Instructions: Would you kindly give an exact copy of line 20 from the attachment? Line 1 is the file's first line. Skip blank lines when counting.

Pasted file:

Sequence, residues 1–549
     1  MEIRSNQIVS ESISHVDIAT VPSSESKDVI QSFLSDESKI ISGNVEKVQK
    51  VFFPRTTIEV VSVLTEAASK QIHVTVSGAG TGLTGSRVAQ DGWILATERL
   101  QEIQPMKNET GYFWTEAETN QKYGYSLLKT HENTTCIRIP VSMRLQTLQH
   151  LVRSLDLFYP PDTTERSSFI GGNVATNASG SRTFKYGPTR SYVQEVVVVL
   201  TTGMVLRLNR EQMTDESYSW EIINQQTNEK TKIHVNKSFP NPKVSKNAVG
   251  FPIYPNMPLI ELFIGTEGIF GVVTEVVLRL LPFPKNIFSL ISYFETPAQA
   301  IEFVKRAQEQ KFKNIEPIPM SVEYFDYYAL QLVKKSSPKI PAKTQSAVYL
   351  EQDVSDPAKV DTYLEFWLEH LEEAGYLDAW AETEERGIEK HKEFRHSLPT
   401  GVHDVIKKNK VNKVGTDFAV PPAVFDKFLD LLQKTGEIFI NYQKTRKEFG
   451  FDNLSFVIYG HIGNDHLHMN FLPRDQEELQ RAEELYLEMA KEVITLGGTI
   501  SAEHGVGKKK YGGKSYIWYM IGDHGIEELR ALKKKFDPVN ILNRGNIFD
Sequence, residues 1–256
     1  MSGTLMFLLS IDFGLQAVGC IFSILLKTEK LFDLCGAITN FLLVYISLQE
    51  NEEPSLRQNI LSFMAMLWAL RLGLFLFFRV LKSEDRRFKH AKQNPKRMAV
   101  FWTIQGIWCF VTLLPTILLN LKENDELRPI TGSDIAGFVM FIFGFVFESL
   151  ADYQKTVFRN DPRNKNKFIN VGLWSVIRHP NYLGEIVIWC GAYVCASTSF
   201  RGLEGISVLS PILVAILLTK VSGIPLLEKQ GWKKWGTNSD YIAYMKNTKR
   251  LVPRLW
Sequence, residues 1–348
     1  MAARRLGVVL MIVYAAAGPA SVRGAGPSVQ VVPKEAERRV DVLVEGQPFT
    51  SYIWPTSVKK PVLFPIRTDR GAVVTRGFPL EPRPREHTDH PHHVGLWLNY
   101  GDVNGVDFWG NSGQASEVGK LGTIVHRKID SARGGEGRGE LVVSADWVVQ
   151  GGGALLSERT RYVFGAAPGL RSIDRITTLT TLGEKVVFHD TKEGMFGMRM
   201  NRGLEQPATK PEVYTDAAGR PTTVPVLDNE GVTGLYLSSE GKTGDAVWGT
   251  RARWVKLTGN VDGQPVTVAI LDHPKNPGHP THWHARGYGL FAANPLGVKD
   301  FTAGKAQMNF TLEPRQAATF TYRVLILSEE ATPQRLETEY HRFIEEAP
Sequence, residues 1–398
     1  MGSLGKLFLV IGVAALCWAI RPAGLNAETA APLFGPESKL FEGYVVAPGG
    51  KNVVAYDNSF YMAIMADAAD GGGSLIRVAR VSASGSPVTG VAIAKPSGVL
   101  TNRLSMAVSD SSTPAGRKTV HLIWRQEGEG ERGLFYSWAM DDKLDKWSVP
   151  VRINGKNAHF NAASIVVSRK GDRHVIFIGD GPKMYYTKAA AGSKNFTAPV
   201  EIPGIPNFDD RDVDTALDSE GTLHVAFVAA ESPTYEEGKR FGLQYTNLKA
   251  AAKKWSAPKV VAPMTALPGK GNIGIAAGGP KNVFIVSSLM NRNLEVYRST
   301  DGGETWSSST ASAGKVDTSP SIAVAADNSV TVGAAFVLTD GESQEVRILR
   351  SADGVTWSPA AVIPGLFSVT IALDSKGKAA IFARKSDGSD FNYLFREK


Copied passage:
Sequence, residues 1–348